I don’t respond to most of the negative emails I get from people who listen to my show or read my blog. This one struck a chord, though. Here’s a message I received from a guy named Nick, in reference to a discussion we had on the broad subject of parenting. I think we can all benefit from reading this and confronting the sad reality that this country is full of Nicks:
“Matt, I heard your horrible conversation today about parenting. A few comments in response:
1) Based on your remarks, I have to say I feel bad for your kids. You sound like the sort of person who never should have been a parent. You said you plain to teach your kids “how to think.” I guess this is common in right wing religious fundamentalist households. Personally, I let my child form his own conclusions about things. To impose your views on a child is tantamount to child abuse. Do them a favor, let them think FREELY.
2) You greatly exaggerate the importance of “chores.” Also, the idea that a kid should be forced to “get a job” is abhorrent. My son was very gifted so we gave him all the tools to succeed academically. This meant we didn’t turn him into slave labor and we certainly didn’t tell him he needed to go work behind a cash register. He concentrated on his school work, and we did our job as parents and financially supported him.
3) It’s easy to mock a “30 year old who lives with is parents.” My son is almost 29 and he’s been home with us since he graduated. Unfortunately the job market isn’t the greatest (maybe you hadn’t heard) and I’m not going to let him starve on the street. He has a college education, it’s pointless for him to be out working in a retail store or some other menial job. I will be here for him until he is able to get the job he deserves.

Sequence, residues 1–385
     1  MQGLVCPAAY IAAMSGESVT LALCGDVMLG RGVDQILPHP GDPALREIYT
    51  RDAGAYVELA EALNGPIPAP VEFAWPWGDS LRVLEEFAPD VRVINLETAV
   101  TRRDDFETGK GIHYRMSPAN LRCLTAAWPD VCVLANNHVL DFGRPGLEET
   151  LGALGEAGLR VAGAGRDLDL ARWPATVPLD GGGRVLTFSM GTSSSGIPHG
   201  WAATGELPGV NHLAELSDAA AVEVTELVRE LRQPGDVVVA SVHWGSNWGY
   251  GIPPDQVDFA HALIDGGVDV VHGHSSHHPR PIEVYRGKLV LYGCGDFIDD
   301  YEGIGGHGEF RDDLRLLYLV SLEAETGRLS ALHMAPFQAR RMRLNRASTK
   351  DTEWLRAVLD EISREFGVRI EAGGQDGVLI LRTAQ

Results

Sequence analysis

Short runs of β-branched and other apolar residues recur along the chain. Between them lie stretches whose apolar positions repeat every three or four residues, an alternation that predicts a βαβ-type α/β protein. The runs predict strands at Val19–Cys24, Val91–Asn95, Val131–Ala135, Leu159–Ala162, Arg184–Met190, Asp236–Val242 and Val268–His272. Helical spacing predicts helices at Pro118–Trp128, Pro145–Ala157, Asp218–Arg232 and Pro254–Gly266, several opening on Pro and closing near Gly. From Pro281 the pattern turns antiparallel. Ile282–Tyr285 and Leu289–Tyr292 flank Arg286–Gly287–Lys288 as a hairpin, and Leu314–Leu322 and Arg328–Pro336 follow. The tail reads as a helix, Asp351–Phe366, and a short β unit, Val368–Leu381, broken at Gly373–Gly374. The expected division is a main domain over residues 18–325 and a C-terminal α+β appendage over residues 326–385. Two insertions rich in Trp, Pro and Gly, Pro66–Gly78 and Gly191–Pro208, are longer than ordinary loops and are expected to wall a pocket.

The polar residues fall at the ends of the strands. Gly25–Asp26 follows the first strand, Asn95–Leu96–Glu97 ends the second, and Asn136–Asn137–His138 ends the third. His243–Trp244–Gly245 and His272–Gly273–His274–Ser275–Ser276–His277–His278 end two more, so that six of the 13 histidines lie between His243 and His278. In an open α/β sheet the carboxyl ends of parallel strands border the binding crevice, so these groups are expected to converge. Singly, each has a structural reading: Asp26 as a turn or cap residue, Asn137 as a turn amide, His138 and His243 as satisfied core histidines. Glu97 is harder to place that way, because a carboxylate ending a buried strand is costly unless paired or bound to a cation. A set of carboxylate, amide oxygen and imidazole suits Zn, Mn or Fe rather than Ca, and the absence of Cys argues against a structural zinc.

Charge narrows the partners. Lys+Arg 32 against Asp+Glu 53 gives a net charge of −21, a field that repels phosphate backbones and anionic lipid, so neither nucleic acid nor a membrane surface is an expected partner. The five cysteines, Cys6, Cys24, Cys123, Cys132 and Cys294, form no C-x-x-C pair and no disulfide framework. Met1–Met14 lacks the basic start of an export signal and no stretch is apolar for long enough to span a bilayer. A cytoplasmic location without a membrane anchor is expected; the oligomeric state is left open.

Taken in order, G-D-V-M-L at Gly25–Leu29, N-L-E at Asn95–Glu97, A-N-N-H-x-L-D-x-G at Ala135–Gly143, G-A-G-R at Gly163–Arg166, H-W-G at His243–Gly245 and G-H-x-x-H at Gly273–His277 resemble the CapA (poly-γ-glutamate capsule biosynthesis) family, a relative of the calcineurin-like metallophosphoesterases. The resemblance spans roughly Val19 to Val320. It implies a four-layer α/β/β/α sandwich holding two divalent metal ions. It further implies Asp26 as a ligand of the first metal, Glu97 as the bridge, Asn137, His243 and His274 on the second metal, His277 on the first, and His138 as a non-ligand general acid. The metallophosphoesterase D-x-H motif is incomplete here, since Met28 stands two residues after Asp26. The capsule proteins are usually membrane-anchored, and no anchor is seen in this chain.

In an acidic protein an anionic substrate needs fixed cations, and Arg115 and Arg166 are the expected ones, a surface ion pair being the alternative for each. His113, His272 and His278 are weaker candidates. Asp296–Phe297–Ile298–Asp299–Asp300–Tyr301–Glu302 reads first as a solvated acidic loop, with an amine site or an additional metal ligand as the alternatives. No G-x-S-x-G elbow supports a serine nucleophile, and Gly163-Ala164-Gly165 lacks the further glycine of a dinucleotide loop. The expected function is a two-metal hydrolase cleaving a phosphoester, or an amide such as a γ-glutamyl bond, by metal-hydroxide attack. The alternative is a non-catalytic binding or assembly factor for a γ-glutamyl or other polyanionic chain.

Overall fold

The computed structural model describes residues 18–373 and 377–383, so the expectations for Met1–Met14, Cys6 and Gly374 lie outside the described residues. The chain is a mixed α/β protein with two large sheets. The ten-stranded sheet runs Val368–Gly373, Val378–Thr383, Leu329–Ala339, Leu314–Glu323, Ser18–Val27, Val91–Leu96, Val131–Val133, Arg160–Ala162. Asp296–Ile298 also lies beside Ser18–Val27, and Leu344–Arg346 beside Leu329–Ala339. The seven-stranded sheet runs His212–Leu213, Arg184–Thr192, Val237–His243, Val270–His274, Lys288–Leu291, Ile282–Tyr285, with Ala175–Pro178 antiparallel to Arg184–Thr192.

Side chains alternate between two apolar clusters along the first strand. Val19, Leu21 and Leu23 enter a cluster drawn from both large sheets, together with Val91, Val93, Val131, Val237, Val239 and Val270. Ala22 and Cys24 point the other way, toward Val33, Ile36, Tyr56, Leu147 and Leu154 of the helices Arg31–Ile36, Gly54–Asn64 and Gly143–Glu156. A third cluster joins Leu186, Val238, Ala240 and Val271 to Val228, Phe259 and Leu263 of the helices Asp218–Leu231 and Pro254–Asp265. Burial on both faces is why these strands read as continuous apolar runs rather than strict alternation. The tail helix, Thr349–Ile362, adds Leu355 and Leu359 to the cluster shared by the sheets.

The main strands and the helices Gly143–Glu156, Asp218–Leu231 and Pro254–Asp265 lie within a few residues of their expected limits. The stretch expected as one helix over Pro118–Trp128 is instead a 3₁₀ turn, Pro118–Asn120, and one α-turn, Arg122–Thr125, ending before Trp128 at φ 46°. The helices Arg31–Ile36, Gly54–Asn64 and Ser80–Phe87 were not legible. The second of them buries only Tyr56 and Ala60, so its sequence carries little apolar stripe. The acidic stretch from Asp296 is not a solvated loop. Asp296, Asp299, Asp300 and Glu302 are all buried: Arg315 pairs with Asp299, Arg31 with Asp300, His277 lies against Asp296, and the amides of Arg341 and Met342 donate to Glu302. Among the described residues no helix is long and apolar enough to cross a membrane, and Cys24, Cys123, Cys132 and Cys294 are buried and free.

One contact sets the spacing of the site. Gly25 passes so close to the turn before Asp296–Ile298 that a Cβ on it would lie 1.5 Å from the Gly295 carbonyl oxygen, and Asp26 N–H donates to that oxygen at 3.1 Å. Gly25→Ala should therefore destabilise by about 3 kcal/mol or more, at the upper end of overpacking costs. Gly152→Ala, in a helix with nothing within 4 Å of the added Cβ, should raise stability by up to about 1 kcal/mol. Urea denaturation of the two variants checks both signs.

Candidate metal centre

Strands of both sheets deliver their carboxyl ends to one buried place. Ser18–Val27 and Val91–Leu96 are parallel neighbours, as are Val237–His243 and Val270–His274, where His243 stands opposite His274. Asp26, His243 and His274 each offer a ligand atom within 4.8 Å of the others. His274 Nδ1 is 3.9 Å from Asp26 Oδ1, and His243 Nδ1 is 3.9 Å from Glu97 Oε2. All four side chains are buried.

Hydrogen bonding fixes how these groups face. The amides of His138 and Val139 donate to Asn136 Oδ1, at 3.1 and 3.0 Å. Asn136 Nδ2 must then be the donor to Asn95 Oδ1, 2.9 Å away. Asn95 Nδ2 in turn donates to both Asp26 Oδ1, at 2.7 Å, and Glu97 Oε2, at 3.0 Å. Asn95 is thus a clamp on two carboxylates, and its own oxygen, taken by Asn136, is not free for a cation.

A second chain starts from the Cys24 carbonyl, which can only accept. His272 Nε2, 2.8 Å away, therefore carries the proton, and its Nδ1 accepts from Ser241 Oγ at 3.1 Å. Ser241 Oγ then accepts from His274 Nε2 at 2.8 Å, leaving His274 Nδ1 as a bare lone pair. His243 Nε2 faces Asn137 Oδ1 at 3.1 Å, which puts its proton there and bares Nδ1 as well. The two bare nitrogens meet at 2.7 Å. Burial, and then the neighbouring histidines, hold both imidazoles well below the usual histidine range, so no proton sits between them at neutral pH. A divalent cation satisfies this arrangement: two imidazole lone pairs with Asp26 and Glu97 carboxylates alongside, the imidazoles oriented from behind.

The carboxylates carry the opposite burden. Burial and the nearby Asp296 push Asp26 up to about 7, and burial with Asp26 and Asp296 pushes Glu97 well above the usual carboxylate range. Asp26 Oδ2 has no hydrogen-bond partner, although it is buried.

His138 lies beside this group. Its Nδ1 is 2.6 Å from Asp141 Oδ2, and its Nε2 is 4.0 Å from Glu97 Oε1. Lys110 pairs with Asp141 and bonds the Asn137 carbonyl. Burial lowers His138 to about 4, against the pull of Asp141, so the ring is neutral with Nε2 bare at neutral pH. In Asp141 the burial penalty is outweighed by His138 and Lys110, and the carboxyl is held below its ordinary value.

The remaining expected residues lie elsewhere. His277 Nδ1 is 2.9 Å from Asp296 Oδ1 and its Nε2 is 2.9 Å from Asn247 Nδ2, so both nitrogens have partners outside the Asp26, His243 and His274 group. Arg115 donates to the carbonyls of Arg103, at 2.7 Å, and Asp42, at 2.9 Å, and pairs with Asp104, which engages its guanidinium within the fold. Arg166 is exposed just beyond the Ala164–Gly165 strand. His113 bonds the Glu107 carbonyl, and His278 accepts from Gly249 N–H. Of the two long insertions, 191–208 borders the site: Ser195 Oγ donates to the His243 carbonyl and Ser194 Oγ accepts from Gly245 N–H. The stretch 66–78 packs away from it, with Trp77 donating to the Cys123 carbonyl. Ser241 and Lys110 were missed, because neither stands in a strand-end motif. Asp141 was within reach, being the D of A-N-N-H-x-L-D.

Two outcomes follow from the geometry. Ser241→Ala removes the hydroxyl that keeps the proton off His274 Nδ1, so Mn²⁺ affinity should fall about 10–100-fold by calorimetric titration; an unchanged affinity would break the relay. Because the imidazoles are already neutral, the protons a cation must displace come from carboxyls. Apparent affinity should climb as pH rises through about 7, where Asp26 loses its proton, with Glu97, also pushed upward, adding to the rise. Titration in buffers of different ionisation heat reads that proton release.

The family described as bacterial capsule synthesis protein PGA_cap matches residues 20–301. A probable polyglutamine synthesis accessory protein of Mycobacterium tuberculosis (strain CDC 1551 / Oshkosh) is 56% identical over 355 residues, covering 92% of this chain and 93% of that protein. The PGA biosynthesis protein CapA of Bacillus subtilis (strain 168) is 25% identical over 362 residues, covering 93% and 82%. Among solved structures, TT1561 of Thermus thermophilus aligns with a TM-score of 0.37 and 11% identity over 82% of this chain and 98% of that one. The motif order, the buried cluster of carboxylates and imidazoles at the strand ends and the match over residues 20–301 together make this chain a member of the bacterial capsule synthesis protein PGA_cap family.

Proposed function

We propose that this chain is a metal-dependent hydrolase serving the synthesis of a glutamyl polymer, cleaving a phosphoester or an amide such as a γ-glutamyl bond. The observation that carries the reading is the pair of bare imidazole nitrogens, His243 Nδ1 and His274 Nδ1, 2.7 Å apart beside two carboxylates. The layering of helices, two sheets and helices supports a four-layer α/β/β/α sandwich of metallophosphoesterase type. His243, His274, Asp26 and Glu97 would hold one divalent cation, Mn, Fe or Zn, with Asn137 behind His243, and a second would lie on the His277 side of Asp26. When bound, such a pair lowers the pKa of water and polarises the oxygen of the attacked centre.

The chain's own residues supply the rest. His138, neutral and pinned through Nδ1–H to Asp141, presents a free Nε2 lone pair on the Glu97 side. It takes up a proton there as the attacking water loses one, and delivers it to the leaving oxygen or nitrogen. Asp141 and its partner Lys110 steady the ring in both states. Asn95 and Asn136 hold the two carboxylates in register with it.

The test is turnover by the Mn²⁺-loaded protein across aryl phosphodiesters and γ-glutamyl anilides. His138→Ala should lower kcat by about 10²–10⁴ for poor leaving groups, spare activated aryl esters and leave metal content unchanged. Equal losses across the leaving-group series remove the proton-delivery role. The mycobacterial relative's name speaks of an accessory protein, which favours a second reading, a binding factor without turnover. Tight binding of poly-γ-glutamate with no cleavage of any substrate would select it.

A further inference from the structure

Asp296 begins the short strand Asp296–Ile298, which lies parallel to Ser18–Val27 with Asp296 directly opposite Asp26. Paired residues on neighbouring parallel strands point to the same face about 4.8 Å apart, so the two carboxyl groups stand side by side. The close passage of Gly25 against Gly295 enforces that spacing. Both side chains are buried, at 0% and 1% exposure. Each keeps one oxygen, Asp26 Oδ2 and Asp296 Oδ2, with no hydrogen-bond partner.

You need to grow up, get some life experiences and then maybe you’ll have the right to sermonize about parenting.
And here’s the response I sent to him:
1) Tell you what. How ’bout I blindfold you, drive you out into the middle of the desert at night, and then leave you there without a map or a GPS? It’ll be great. You can just travel FREELY. After all, who am I to bring you to this place and then presume to tell you how to navigate? I’m just the guy that kidnapped you and dumped you into a hostile, cold wilderness. It would be presumptuous and authoritative of me to offer you direction and guidance. So I’ll let you wander around aimlessly until you collapse exhausted in a ditch, and are eaten slowly by wild scavengers. You’re welcome. I mean, I assume you’ll be grateful. I’ll merely be applying your parenting technique to the situation.
By the way, did you ever tell your kid not to play in the street? Did you instruct him about the dangers of hot stoves and fallen electrical wires? This is a quandary. See, if you imposed your anti-high voltage power line views on your kid, then apparently you’re guilty of abuse by your standards. However, if you didn’t, you’re guilty of reprehensible neglect by the standards of civilized human beings. I’m not an expert on parenting. I never claimed to be. But you don’t need to be an expert to know that one of the fundamental tasks of a parent — and this really speaks to the whole point of the endeavor — is to teach your child how to navigate the physical, moral, spiritual and intellectual dangers of life. This includes teaching them how to think, which could also be referred to as passing on your values and your worldview. If you have no interest in doing this, then I would suggest that you never really wanted a child — you wanted a friend. Now you have one. Living at home with you. Forever. Congratulations.